Wall Street still hasn't come up with the kind of mousetrap that can catch Mickey Mouse, but it's getting close on the blueprints.
Operating profits mirrored the meager 2% revenue advance. Attendance fell at the company's stateside attractions. The company's studio entertainment division fell way short of last year's high bar. Operating profits at the broadcasting division fell, but it was ultimately saved by the robust performance of Disney's cable properties.
In short, it was a mixed bag.
Reported earnings clocked in at $0.66 a share, but then investors have to back out one-time gains that include the sale of movies.com to Comcast
Everyone knew that Disney's studio would be roughed up, bumping up against last year's Pirates of the Caribbean: At World's End. However, did anyone expect attendance at both Disneyland and Walt Disney World to come in lower? Disney faults the shift in the Easter holiday from April in 2007 to March in 2008, but perhaps the assumption that international tourists taking advantage of the falling dollar would offset flagging domestic demand is flawed.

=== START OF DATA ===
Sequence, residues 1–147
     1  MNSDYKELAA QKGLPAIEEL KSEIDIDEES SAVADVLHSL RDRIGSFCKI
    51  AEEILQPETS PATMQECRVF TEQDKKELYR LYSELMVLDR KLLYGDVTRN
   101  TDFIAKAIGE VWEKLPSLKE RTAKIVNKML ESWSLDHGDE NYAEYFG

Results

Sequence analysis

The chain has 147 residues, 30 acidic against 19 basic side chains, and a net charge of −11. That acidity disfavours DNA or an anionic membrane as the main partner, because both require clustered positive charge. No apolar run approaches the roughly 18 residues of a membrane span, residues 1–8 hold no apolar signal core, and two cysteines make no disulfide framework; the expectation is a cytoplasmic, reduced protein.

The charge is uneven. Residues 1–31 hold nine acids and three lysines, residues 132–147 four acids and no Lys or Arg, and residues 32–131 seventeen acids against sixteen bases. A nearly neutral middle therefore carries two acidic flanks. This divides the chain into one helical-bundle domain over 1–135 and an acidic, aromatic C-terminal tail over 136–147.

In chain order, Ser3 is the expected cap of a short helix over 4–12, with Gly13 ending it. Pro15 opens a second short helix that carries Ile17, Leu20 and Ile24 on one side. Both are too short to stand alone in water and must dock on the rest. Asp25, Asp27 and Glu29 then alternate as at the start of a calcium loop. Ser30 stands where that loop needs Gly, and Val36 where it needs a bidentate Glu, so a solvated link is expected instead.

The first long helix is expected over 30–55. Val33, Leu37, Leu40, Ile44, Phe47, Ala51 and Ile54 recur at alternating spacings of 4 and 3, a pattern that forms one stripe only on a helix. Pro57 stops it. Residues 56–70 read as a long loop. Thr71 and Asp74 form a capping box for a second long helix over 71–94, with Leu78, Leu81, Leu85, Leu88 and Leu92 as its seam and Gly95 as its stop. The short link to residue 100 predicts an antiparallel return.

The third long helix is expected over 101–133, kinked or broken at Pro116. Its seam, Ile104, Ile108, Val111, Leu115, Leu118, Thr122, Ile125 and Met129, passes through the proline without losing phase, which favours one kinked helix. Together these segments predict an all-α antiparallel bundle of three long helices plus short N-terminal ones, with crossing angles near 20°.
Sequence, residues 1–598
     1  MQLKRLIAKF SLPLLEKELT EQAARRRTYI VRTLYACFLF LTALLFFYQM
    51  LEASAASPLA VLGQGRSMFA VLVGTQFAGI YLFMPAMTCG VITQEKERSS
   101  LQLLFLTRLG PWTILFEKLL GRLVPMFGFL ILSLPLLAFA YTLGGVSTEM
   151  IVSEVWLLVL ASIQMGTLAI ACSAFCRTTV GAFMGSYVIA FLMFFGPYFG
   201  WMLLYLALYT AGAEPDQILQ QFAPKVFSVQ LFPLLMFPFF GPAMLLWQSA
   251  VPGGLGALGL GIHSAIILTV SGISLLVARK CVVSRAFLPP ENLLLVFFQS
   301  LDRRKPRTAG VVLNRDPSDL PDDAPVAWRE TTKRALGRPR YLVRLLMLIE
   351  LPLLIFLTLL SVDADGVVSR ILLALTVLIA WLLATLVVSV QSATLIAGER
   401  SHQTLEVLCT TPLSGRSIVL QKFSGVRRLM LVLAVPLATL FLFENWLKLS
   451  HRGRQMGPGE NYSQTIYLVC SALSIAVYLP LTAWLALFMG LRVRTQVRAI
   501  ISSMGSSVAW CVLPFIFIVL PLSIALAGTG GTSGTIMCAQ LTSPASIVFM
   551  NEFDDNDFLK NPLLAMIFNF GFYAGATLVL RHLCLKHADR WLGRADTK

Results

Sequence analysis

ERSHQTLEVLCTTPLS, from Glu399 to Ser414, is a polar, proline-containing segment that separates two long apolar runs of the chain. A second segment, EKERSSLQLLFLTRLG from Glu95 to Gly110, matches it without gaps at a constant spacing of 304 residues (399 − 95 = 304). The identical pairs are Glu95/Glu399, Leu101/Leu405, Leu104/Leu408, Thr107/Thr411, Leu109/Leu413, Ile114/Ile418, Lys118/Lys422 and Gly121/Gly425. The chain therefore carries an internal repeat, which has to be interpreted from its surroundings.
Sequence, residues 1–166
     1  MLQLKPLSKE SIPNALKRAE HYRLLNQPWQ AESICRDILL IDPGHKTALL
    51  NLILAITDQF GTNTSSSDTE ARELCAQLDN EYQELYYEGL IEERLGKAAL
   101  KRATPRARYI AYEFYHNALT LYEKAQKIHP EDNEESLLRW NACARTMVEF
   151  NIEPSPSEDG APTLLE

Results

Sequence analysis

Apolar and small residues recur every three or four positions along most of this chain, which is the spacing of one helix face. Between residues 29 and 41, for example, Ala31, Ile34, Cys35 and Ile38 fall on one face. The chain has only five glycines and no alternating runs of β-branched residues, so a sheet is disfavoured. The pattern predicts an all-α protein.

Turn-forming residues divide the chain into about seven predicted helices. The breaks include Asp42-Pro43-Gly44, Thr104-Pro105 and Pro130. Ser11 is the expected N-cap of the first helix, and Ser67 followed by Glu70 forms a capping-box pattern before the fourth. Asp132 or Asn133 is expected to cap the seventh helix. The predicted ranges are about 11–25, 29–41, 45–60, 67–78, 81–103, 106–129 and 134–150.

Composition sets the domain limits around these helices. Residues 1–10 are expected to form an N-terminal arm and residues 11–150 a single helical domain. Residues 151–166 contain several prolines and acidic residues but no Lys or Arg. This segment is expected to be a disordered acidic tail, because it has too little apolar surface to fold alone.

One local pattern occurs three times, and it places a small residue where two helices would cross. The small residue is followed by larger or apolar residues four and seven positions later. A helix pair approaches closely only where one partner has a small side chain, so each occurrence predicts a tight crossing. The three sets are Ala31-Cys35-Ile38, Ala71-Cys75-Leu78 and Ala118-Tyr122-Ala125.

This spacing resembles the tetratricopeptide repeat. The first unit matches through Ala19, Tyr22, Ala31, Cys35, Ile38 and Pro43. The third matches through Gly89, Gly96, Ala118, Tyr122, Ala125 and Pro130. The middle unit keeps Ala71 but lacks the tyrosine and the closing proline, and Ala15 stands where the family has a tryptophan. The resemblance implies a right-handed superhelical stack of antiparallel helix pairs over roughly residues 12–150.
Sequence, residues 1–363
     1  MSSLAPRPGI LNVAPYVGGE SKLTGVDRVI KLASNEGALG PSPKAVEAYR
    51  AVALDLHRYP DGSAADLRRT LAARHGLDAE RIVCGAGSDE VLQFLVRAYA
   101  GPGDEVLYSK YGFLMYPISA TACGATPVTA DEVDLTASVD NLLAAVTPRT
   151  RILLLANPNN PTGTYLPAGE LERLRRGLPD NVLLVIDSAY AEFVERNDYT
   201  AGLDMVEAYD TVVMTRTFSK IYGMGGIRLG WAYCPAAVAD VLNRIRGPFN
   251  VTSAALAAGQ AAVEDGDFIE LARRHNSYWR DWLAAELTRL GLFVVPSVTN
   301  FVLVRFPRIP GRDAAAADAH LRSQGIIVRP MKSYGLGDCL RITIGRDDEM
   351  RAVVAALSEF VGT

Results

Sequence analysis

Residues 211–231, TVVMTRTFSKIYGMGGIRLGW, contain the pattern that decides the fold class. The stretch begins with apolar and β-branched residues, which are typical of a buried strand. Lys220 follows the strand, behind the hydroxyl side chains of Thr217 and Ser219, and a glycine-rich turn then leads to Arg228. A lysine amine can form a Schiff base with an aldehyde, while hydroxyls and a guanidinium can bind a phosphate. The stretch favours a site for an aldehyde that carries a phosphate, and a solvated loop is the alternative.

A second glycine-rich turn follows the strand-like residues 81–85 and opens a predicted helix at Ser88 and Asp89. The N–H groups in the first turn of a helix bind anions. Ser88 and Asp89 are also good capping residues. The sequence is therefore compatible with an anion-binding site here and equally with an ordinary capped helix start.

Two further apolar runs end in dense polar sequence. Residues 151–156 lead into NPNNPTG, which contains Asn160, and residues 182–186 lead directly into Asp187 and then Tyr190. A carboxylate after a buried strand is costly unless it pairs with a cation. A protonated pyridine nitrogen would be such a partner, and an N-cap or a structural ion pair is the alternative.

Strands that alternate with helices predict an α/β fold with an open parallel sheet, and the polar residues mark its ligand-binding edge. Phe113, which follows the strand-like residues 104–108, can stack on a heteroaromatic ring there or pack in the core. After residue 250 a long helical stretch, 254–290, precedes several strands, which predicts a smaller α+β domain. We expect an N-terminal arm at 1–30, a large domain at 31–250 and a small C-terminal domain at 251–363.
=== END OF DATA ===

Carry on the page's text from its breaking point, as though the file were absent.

if it figures that it will help offset the stateside weakness.
It probably doesn't help that Nickelodeon parent Viacom
This doesn't mean that investors should bail on Disney. The stock is too cheap, priced at just 14 times what analysts believe the company will earn this fiscal year. That may be a higher multiple than what media titans like Viacom, Time Warner
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Longtime Fool contributor Rick Munarriz can usually be found at Walt Disney World. He's the one wearing the "Bob Iger Fan Club" T-shirt. He does own shares in Disney. He is also part of the Rule Breakers newsletter research team, seeking out tomorrow's ultimate growth stocks a day early. The Fool has a disclosure policy.